That requirement will stay in place until November 2021. 

However, officials have the option to remove that requirement in November 2020 if they deem it necessary.

8. Only Michigan residents can start a small business at first

Prospective small business owners who want to grow on a small scale with a Class A grow license or start a microbusiness don’t have to hold any medical marijuana license. 

But they do have to be Michigan residents, for the first two years of the program. 

That requirement will stay in place until November 2021. 

However, officials have the option to remove that requirement in November 2020 if they deem it necessary.

9. Lab licenses have no residency requirements

There are no residency requirements or medical marijuana licensing requirements for individuals interested in obtaining a safety compliance facility license — unlike the other license types.

However, the owner of a safety compliance facility — more commonly known as a testing lab — cannot have an ownership interest in any other type of marijuana business.

10. This type of crime will disqualify you

If the business license applicant has previously been convicted for distributing a controlled substance to a minor, they are automatically not eligible for a recreational marijuana business license. 

Additionally, there are other specific situations that would prompt state officials to immediately reject a license application: 

-If the prospective business lies in their application

-If the applicant either works for or consults with the Marijuana Regulatory Agency or LARA 

-If the applicant is an elected government official in Michigan, in another state or in the federal government — or if the applicant is employed by any governmental unit — in Michigan or elsewhere

11. State officials have discretion to deny you a license

State regulators have broad discretion to deny a business license application based on their judgement of the applicant’s background, under the emergency rules. 

Per the rules, regulators are allowed to consider the following: 

-Whether anyone with an ownership stake in the company has “a pattern of convictions involving dishonesty, theft, or fraud that indicate the proposed marihuana establishment is unlikely to be operated with honesty and integrity”

-Whether the applicant has any delinquent taxes 

– Whether the applicant has “a history of noncompliance with any regulatory requirements, all legal judgments, lawsuits, legal proceedings, charges, or government investigations, whether initiated, pending, or concluded, against the applicant, that are related to business operations, including, but not limited to fraud, environmental, food safety, labor, employment, worker’s compensation, discrimination, and tax laws and regulations, in this state or any other jurisdiction”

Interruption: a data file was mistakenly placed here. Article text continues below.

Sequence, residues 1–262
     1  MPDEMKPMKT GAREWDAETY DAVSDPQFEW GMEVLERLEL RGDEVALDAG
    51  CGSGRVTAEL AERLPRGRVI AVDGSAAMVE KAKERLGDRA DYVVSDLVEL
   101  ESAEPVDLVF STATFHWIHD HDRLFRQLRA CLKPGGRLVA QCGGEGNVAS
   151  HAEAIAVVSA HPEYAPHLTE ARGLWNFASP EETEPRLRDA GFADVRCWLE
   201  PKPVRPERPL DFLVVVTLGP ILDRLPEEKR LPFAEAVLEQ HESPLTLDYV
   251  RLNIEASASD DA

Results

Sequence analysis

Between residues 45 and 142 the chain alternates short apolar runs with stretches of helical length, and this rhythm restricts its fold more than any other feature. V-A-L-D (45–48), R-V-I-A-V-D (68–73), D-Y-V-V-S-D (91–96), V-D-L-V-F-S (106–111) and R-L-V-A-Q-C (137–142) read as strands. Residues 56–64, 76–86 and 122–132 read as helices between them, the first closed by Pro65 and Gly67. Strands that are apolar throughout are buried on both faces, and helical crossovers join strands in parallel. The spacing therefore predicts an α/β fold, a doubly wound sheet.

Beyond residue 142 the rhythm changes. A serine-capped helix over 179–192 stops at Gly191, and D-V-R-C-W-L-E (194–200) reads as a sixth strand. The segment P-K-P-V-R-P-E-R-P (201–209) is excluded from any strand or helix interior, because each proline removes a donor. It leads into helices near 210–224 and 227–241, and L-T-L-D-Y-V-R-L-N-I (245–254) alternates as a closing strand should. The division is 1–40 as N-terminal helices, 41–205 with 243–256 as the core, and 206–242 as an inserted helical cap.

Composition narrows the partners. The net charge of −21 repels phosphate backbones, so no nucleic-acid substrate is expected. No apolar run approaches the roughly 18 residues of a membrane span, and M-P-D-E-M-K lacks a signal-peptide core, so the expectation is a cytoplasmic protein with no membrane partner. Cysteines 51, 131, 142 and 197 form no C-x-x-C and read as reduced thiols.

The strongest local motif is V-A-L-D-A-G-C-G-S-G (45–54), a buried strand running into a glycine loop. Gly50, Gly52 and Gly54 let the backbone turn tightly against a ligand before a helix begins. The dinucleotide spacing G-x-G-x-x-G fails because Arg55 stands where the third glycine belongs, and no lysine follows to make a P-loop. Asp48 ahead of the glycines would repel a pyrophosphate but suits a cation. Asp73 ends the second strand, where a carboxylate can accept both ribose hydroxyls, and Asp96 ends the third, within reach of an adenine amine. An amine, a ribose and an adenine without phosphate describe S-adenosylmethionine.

12. Expect background checks and inspections

State officials will be scrutinizing both the individuals that want to start recreational marijuana businesses, their business plans and the physical facilities involved. 

Understanding who regulators consider to be “applicants” for state licenses is important. 

Though it varies slightly according to how the business is incorporated, the basic definition of an applicant is anyone with more than 10 percent ownership of the company. In some cases, this includes their spouses as well. 

Every applicant will have to undergo a background check, and should expect to submit a year’s worth of tax returns and to disclose criminal and financial background information. 

Additionally, the businesses have to have a physical building and must pass a prelicensure inspection within 60 days of submitting their license application to the state.

13. Be aware of local laws

Cities and townships have the ability to ban recreational marijuana businesses from opening up their doors — and more than 600 have done so at this point. 

Municipalities also have the ability to start local licensing programs for adult-use marijuana businesses — but they don’t have to. 

That means if a city or township hasn’t banned recreational marijuana — and has no local licensing requirements for the industry — businesses only need a state license to operate. 

It’s important to note that even if a city or township has banned medical marijuana businesses, that has little to no impact on the recreational marijuana industry. Even though most of the major adult-use business license types require the applicant to hold a medical marijuana license as well, that doesn’t mean the recreational business has to open up shop at the same location of the medical marijuana business.

14. No proof of capitalization is needed

Prospective businesses don’t have to show state officials proof that they have money available to start their company. 

That’s important to note because medical marijuana business applicants are required to show officials proof of capitalization. In the medical industry, potential businesses have to have from $200,000 to $500,000 in assets in order to be licensed.

Originally Posted in MLive Here – MLive provides many great news articles about Medical and Recreational Marijuana in the State of Michigan. Do a Search.

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The post THINGS TO KNOW IF YOU WANT TO START A MARIJUANA BUSINESS IN MICHIGAN appeared first on Komorn Law.